Status Report

Testimony of Pamela L. Meredith: The Commercial Space Act of 2003 (part 2)

By SpaceRef Editor
November 5, 2003
Filed under , ,

Part 1|2


Summary Answer: I would recommend: 1) Careful consideration of the possible
implications of extending the FAA/AST’s authority to human spaceflight through an
amendment of CSLA definition of “payload;” 2) Careful consideration of whether the
proposed safety regime for passengers is adequate to achieve H.R. 3245’s goal of opening
outer space to the American people; and 3) Clarification of the liability regime established
by H.R. 3245 and consideration of whether it is adequate to achieve the bill’s goal.

The Objectives of H.R. 3245

The articulated goal of H.R. 3245 is “the opening of outer space to the American people
and their economic, scientific, and cultural enterprises is a priority goal which should guide
Federal Space investments, policy development, and regulatory action.”45 To achieve this
goal, H.R. 3245 should, at a minimum, accomplish these objectives: 1) clarify the
FAA/AST’s authority to license human spaceflight; 2) provide reasonable safety protection
for passengers and crew; 3) impose a reasonable liability regime on passengers and crew;
and 4) regulate only to the extent necessary.

Licensing Authority for Commercial Human Spaceflight

H.R. 3245 attempts to clarify that the FAA/AST has the authority to license commercial
human spaceflight under the CSLA. The bill does so by amending the definition of
“payload” to include an “individual,” and not just an “object,” as is currently the case.
As noted above, the CSLA authorizes the FAA/AST to license the launch of a launch vehicle
or reenter a reentry vehicle and any payload.46 The new definition makes passengers and
crew a payload.47

The implication of including crew and passengers as payloads is that the FAA/AST has socalled
“payload determination” authority over crew and passengers under the CSLA. That
means that the FAA/AST has the authority to “prevent the launch or reentry [of these
individuals] if [the FAA/AST] decides the launch or reentry would jeopardize the public
health and safety, safety of property, or national security or foreign policy interests of the
United States.”48 It will be necessary to carefully consider other potential consequences of
including “individuals” in the definition of “payload.”

Safety Protection for Passengers and Crew

H.R. 3245 takes the position that Federal regulation of human spaceflight “should focus on
protecting the safety of the general, uninvolved public, while allowing involved persons to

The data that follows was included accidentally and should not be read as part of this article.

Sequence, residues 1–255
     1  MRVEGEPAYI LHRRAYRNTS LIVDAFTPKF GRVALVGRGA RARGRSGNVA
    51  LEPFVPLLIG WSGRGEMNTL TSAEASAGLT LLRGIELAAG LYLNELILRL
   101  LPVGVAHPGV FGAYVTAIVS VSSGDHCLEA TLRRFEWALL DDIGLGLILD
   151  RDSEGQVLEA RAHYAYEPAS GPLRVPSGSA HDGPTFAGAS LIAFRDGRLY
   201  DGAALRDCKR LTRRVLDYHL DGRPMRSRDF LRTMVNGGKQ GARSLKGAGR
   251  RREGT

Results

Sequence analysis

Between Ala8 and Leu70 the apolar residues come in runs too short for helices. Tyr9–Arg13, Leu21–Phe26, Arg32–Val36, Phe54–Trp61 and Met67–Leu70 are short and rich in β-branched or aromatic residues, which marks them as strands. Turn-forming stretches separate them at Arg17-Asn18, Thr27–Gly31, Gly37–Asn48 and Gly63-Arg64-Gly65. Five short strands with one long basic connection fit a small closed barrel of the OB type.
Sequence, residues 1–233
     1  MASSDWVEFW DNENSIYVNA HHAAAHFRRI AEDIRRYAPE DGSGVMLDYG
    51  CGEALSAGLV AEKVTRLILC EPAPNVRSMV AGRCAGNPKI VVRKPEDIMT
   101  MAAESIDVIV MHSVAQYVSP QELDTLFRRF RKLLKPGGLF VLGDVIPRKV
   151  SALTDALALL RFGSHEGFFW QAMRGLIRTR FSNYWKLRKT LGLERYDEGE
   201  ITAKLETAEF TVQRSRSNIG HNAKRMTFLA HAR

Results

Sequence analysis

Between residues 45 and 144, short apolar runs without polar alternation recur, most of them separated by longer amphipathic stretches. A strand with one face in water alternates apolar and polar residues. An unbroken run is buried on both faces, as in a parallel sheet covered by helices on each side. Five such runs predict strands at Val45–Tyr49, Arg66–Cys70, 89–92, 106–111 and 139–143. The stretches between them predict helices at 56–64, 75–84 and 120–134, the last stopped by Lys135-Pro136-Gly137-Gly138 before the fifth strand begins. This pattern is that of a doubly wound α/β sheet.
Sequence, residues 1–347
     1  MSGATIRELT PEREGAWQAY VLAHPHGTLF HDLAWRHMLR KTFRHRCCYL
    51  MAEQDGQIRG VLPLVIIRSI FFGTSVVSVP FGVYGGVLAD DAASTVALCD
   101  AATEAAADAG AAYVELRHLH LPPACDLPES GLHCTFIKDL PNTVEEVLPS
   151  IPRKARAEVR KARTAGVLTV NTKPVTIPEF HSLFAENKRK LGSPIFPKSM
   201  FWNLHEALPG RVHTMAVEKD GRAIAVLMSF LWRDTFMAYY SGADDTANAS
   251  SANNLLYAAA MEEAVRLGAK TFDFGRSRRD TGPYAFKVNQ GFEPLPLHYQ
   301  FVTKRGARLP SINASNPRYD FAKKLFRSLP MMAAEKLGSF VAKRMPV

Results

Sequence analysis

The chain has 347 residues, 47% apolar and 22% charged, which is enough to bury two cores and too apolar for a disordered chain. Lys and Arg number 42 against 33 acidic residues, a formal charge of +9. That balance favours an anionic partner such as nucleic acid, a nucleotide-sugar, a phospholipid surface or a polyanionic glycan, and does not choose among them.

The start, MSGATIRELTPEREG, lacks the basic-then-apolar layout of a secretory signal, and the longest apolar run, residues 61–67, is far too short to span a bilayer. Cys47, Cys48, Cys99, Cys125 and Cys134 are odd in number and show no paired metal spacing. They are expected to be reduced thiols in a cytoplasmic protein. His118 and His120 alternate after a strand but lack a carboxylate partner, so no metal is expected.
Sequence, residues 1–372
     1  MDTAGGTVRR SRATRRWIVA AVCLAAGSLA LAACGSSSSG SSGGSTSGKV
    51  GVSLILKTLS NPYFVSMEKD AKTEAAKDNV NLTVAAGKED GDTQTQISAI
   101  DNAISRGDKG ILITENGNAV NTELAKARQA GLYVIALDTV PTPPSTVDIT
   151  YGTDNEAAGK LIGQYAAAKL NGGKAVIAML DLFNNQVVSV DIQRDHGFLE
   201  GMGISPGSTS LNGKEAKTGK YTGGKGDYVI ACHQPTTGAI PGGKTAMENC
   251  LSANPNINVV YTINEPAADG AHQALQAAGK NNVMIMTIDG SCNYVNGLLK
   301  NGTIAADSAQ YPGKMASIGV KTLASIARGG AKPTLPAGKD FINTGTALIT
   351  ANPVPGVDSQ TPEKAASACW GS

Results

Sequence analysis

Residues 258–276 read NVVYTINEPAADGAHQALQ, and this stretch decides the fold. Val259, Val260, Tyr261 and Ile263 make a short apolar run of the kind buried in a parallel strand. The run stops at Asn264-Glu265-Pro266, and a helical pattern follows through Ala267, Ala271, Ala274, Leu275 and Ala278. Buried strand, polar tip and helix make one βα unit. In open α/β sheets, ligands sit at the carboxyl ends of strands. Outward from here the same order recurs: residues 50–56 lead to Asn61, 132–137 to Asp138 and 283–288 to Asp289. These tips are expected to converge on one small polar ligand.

assume risks which are inherent to human spaceflight activities.”49 In other words, H.R.
3245 provides that the FAA/AST’s public health and safety mandate be directed at the
general public, to the exclusion of passengers and crew. Accordingly, the FAA/AST’s
“payload determination” as to whether the launch would “jeopardize public health and
safety” presumably would focus on whether the passenger/crew poses a hazard to the
public at large, and not whether the spaceflight would be safe for the passenger or crew.

H.R. 3245 does temper this laissez faire safety treatment to some extent by imposing
qualification requirements on passengers, designed to protect their safety, such as medical
standards and a requirement for training. The question is whether this safety regime is
sustainable. In other words, is this minimalist approach to safety regulation adequate to
promote the bill’s goal of opening outer space to the American people?

Liability Regime for Passengers and Crew

Again, H.R. 3245 takes the position that Federal regulation of human spaceflight should
“allow[ ] involved persons [presumably passengers] to assume risks which are inherent to
human spaceflight activities.”50 The first question is whether the bill as now styled achieves
that objective. A separate question is whether such a liability regime is sustainable and
whether it promotes the goals H.R. 3245 is trying to accomplish.

The liability treatment of passengers and crew in the bill is incongruous. H.R. 3245 treats
passengers and crew as non-third parties, while at the same time depriving them of the
protections afforded to other non-third party participants in launch and reentry services.